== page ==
Charles Landry

A leader in thinking about cities for nearly 20 years. Charles is Director of Comedia (innovative consultancy in cities and globalisation, city-making, city creativity, the art of city making).

Charles Landry

Charles main points included:

  • Cities are places of encounter, exchange and transaction. Although now ports are more sophisticated than in the past, the driver of meetings/transactions/interactions is still the exchange of goods. In current globalised world, the intercultural/open-city is an obvious need, were interactions include relations between different values/religious/cultures to interact.

  • The art of living together is the central question of the 21 st century city: (A mosque next to a model agency in Constantinopla Istambul).

  • The management of fragility - how to deal with diversity (complexity, loss of cohesion, indigenous flagback and so on) vs creativity potential, innovation.

Some very provocative thoughts for the audience, presented by Charles Landry were:

What is living together about? a process/negotiating values & identity and belonging? How do we deal with old/new values? - the clashes between these. How to bring them together. It is about coming together in whatever possible form (as we are all hear to stay).

I like the word openness but before that we need to create the necessary curiosity (exchange of thoughts, ideas, etc. which then lead to being open). Only when you are open, you can be inter-cultural and put the focus more on what we share than on our differences. The path would then be: Curious ---> open ---> intercultural

What are the qualities of places we think are great?: they have a different culture they feel like home, they give you a sense of being able to do something for you that you have not done before and they can be inspirational. Qualities of great places. Great places do contradictory things (sense of calm and refuge and sense of thrill-ness). For example: allow everyone to feel they belong while the place does have a proper identity. For example: three dilemmas for great places are (Anchoring versus taking on the new) or (Competitive agenda vs quality of life) or (history and future - how do we create tomorrows heritage?).

What are the spaces and places where people from different cultures and religions meet? - the creation and importance of exterior spaces (ie Bryan Park in NY - incredibly carefully managed) and of cultural places (libraries, theatres). Art can do a great deal for the intercultural city.

We need to look at cities differently re-define what we are and can be. Let's switch from the problem focus to the opportunity focus. It is a mind sweep shift (education, upbringing). We must find ways to keep different and come together at the same time. Reassessing our urban design to have streets and not roads inside the city. Openness stretches further than diversity. Cities have been made so far as if they were complicated, segmented, fragmented, etc. but in fact they are not. We need to plan our cities thinking about unity nature ecology people human being. Cities should be looked up as a complex (constant change and relationship) matter, not a complicated (technical issues/views - in fragmented ways) matter.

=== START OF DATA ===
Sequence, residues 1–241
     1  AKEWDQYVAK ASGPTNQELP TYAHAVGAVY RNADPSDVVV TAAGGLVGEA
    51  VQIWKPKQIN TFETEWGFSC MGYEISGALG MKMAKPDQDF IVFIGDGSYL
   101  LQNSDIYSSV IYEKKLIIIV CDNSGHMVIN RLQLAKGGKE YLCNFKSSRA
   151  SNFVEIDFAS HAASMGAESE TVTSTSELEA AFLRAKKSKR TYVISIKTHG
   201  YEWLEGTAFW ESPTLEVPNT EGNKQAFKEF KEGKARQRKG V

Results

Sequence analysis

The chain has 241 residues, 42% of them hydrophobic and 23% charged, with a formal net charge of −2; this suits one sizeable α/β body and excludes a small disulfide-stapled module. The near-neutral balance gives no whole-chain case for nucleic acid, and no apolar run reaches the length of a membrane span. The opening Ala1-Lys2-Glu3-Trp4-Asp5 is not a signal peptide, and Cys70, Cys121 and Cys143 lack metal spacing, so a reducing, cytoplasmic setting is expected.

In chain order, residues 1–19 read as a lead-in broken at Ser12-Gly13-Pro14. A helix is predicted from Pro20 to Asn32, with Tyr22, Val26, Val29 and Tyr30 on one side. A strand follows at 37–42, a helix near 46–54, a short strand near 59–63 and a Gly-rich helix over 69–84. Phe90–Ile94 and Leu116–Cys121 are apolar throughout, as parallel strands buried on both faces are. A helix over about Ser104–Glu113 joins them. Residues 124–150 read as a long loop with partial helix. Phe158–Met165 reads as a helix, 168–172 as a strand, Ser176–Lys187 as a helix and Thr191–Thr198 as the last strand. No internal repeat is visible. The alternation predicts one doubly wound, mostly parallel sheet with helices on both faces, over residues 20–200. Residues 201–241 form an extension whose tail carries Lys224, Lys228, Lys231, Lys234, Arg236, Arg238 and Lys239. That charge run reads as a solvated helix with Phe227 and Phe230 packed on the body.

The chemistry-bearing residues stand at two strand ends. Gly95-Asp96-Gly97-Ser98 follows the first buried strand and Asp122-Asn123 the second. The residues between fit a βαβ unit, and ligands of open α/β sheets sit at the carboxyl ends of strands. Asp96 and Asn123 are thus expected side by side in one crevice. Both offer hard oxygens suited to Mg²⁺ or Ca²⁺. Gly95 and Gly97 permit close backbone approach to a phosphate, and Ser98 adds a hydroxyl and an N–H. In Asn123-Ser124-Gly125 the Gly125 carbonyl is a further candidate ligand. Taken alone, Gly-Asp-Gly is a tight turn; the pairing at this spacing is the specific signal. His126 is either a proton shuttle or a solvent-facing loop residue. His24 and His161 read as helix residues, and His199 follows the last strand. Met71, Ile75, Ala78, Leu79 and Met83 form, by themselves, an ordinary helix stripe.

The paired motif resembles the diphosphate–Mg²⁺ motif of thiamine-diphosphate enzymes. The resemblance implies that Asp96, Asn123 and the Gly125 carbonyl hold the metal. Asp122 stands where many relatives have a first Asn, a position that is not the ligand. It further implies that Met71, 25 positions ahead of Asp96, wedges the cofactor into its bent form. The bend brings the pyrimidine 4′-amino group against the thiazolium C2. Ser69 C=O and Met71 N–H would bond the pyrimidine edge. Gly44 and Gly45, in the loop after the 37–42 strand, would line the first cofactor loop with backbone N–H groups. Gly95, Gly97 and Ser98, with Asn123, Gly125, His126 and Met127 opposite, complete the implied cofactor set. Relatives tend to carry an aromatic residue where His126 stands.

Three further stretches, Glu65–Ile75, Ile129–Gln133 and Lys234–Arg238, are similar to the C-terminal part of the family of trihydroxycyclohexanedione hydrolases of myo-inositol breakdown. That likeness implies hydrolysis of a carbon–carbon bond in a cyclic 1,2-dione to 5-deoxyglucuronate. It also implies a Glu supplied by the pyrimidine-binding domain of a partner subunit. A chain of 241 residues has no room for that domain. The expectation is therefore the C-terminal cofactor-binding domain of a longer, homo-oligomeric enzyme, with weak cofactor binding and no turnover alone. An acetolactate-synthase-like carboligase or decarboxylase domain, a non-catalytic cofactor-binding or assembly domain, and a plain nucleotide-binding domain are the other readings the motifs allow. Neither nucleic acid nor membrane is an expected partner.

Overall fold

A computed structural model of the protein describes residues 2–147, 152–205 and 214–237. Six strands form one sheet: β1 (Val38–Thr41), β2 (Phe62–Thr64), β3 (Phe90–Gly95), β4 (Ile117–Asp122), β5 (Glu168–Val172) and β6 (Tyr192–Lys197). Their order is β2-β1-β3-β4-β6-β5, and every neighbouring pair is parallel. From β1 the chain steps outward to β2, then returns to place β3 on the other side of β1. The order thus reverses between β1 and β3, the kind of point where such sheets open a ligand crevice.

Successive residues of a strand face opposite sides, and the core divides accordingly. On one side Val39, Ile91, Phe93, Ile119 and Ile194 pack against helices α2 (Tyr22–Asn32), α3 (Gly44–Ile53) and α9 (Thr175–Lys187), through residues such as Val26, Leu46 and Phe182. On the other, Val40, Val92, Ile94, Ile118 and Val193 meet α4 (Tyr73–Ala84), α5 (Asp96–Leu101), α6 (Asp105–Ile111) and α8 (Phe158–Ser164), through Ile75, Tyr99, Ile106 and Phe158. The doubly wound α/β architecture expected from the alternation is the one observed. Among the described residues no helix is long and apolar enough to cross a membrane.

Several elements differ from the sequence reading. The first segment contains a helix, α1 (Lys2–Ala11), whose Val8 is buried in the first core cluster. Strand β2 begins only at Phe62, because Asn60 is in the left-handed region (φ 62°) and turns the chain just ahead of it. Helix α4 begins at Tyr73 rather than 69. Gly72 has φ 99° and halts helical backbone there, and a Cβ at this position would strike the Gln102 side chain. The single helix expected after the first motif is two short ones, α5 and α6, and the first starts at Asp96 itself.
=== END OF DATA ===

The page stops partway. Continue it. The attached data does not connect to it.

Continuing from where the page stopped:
We should do place-making and not talk about urbanism . The urban engineering paradigma versus creative city making. The second would have a completely different outcome.

Creative City Making is about combining hard and soft, the human and the emotional as well as the engineering. What does it feel like as well as what the purpose is etc. Seeing and feeling the city as well as plan and structure the city. Are we ready to absorb the different changes of cities at current speed of change? For this, money is less important than ideas.

Distinctiveness is key . One aspect of the competitive platform for ambitious cities is to swift from creative economy, knowledge economy or urbanism into what could be the real emerging advantage. What is it? Essentially, it is openness and being able to deal with that in a sophisticated way. Today, 64% of people choose the city before the company and the job. Cities want talent, but talent is the capacity to innovate and create, to connect, to be distinctive. To attract talent cities need not only to provide jobs but to offer places to live. Cities need to be relaxed about ambiguity as this generates innovation.

Cities need to think holistically and break down the silos. The concept of the creative burocracy: A new situation where we are strategically principled but tactically flexible.

Finally, what can we control and what not? City Making is NOT AN ACCIDENT . It is about the political choices we are making now. The fate of the future is in our own hands. We need spaces before we can address city leaders. It also requires leaders (1% of the population 40.000 in Madrid ). There is a difference between the ordinary leader (that provides carparks), the innovative leader (that does more interesting things) and the inspirational leader (tells a story of the unfolding emerging city that makes people feel they are shapers, makers and co-creators). Diversity alone is not going to guarantee success but building opencities in a creative way in a process of leading and intermingling is the way forward.


OPENCities is a BAK project in partnership with cities around the world.